What effect this disappointment had upon her part, follows, 'my soul failed when he spake: 'This effect is sad and heavy, the sense of her sin, and the apprehension of her grieving of him, kindled by love to him, pierceth and stoundeth her so to the heart, that it becomes almost lifeless: so the word is used, Gen. 42:28, of Jacob's sons, when they found the money in their sacks' mouths, they were sore afraid, and 'their hearts failed them,' or went out of them; it is a surprising unexpected heaviness, and that in a high degree, holding forth, how deeply believers will be affected when disappointed of the expected presence of Christ, and that by their own guilt: the cause or occasion of this failing of heart, is in these words, 'when he spake,' which look to the time past, though the effect was present; and they may be two ways understood. 1. As being a remembering how it was with her while he spake (for now he speaks not) she now observes, and calls to mind, that when he called and she shifted, yet even then her heart was affected with his word; and this smites her now, that she should have so long smothered so much kindness, and have brought all this upon herself; it is like that of the disciples, Luke 24:32, who after Christ was gone, say one to another, 'Did not our hearts burn within us, while he talked with us by the way, and opened up to us the scriptures; though before they little heeded it, yet afterward they observe; and when they recollect themselves, it becomes more distinct than it was in the time. 2. It may be looked on as being the present effect of the words formerly spoken, which although they did not so sensibly affect her when he spoke them, yet now being brought to her remembrance (as, John 14:16,) they pierce her, that she should have slighted and neglected them, as, Matt. 26, when Peter is admonished, the word for the time affects not, but afterward, verse 75, when he remembers it (as challenges bring back words formerly spoken) 'he went out and wept bitterly;' so her resentment of what she formerly slighted is now bitter. Observe. 1. The time of Christ's absence is a time when by-gone challenges, or challenges for by-past offences, use to recur. 2. Often believers, when brought through a secure fit, will find some stirrings and effects of the grace of Christ to have been in them, even then, which were not so discernible to them while they were under their distemper. 3. Christ's word may have effects long after it is spoken and heard; yea, a word long since heard, may be an after-remembrance (being brought again to mind by the Spirit) John 14:26, and have operation more than at first: or, although for a time it have had none at all, but may be as seed under the ground, till the Spirit blow on it to bring it above, yet afterward by the Spirit's influence, it may have many blessed effects. 4. There is nothing that will affect a gracious soul more, than to miss Christ's presence, when the disappointment hath been procured by its own sin; if it be but a withdrawing for a time, that will make the hearts of his own even to fail; but O! if it be eternal, by reason of sinners' constant slighting of him now in the offers of his grace, what desperate anguish will it produce! And there are none that slight Christ's call now and put him away, but one time or other it will be heavy to them and cost them dear. 5. It is a kindly thing, when a believer misses Christ, and wants presence, to be affected with it; and it is unkindly to discern absence, and not to be affected. 6. Repentance, where it is kindly, or right heart-sorrow will have its continuance and growth from one degree to another: this failing of heart is a continued, but a further step of the moving of her bowels, verse 4. 7. Although interest in Christ be clear, and matters otherwise not in an evil case, yet want of Christ's presence for the time, and the remembrance of by-gone guilt, will be a very sad exercise to the believer, and affect his heart very much.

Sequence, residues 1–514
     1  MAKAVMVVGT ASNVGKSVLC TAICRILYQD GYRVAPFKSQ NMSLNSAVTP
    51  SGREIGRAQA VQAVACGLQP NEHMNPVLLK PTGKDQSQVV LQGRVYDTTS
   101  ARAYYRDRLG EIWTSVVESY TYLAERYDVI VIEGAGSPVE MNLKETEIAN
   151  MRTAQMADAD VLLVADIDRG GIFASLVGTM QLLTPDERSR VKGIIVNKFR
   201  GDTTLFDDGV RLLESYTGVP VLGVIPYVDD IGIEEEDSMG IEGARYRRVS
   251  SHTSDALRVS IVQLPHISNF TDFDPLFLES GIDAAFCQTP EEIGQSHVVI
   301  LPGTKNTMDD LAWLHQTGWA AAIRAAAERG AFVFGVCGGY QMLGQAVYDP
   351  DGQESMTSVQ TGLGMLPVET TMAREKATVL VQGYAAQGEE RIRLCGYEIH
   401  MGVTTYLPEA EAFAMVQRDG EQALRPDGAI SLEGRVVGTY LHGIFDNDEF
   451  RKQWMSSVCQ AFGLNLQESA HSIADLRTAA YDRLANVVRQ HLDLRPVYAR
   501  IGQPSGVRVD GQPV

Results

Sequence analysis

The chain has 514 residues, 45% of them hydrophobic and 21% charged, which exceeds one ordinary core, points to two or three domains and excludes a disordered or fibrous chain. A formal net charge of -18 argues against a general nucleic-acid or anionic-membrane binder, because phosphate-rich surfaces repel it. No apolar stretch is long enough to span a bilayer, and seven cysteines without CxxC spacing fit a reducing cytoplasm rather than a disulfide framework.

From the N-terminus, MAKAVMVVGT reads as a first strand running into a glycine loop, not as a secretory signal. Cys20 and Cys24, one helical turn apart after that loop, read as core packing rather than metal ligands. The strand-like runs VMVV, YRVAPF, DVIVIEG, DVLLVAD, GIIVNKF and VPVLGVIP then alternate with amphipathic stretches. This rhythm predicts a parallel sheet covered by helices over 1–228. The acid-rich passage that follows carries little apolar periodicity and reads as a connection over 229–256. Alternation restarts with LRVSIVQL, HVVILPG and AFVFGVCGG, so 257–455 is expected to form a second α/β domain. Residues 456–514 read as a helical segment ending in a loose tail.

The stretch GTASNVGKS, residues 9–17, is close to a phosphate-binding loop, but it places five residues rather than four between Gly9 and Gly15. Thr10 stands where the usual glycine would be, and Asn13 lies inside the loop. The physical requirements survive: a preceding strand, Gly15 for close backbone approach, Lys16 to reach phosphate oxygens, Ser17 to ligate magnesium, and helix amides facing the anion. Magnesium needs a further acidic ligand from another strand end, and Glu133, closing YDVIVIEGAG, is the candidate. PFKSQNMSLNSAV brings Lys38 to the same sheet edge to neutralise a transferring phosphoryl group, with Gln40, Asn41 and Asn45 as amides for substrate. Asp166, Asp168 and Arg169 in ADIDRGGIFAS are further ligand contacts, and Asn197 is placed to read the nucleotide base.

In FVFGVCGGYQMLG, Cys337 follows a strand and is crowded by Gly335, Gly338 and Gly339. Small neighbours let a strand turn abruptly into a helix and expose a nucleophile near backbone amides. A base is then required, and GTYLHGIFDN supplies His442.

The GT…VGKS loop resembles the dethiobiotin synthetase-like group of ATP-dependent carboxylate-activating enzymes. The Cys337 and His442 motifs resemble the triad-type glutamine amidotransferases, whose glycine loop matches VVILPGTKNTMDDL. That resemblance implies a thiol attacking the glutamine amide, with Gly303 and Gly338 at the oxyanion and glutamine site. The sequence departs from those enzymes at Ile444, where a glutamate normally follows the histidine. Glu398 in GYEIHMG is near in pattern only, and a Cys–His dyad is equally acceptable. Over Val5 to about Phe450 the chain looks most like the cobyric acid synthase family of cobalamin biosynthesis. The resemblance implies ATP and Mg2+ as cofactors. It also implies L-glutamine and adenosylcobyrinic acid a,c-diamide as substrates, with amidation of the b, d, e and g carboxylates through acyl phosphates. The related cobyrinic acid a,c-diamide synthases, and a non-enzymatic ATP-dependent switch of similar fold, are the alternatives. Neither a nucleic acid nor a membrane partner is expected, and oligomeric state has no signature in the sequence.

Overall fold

This is a sad posture; yet she gives not over, notwithstanding of this or any following disappointments, till she obtain the holy design she drives: where faith and love are exercised together, for attaining Christ, nothing will scare nor discourage the soul in its pursuit of him. Her carriage follows in four steps (whereby she endeavours to recover him) with the success that she found in each of them. 1. She gives private diligence. 2. She applies herself to public ordinances, verse 7. When that also fails, she, 3. Betakes herself to the exercise of mutual fellowship with the daughters of Jerusalem, and seeks their help, verse 8, and at last, rests on the exercise of faith in him, chap. 6:3, Her secret painfulness, with the fruit thereof, is set down in two steps, in the rest of this verse. 1. 'I sought him,' that is, painfully used all means to meet with him, as one searcheth earnestly for what he wants; so the word is taken, Prov. 15:14. It shews her seriousness as to the end, and also her holy solicitude in the manner of pursuing it: 'But' (saith she) 'I found him not;' he was now obtained, but she continueth still under the want of the sensible manifestations of his presence. Again, the second is, 'I called him,' that is, prayed to him; 'but' (saith she) 'he gave me no answer:' that is, I had no sensible ease, and return of prayer; though the prayer was not altogether unheard for, her continuing to seek after him, shews, that she was answered with strength in her soul, Psalm 138:3. There was sustaining grace even then, though there were not the soul-satisfying and comforting enlargements, or sensible embracements of Christ, and his warm speaking of peace to her heart, which she aimed at; and the greatness of her ardour after these makes her think that she had received no answer at all. It is in sum, as if a wife, by searching and running to and fro, did seek her husband; and when that succeeds not, she calls him by his name; so did she leave no means unessayed, but did not obtain what she sought. Which shews, 1. That God often blesseth want of sense to a believer, to be a spur to much diligence. 2. When desertions are most sensible, then ought the believer to be most diligent in the use of all means, especially of prayer, for an outgate. 3. There may be much life in duty, even then when there is little sense and satisfaction as to the event; there is here seeking and calling on him, though she found him not, and he gave her no answer. 4. It is a blessed heart-sorrow, that vents in diligence and prayer to God for his presence. 5. The remembrance and resentment of our by-gone wrongs to Christ should not so affect as to scare us from him, but should press us to seek to be again in his company; otherwise, if we scare at him, or bide away from him, because of the sense of guilt, it will be the mending of one fault with another: it is ever best reckoning our own guilt, when he is present. 6. Christ's presence is the only cordial that can satisfy a soul, fainting under a sense of the wrongs it hath done to Christ: therefore when her heart fails, she sits not down under it for ease, but seeks and calls for himself and his own presence. 7. There may be much seeking and prayer, which may be so indeed, and accepted of by God, and yet his comfortable presence be kept up, and the particular sought for suspended. 8. Often the having our eye in prayer upon one particular (suppose upon one comfort) may make us construct our prayers to have less of an answer than they have, while as indeed they are not fruitless, but may be answered in other things, which we do not observe. 9. The Lord may deny comfort when it is sought, and yet shew his grace in sustaining his people, and quickening them to follow him in their duty, when they in the mean time may take it for a sort of refusal, 2 Cor. 12:9,10. It is ever good for believers to reflect on their duty, and on the success of it, whatever it be; and that not in one step only, but in the whole tract of their way. 10. If we compare this with her former carnally easy and secure condition, verse 2,3, we see, that sensible desertion, when a believer is holily active under it, is no ill condition; comparatively it's better with her now when she is swooning and fainting without Christ, than when she did lie still carelessly without him; grace is working more actively now (as from verse 4, is clear) and she is nearer unto him, and hath much more solid ground of peace than she had at that time.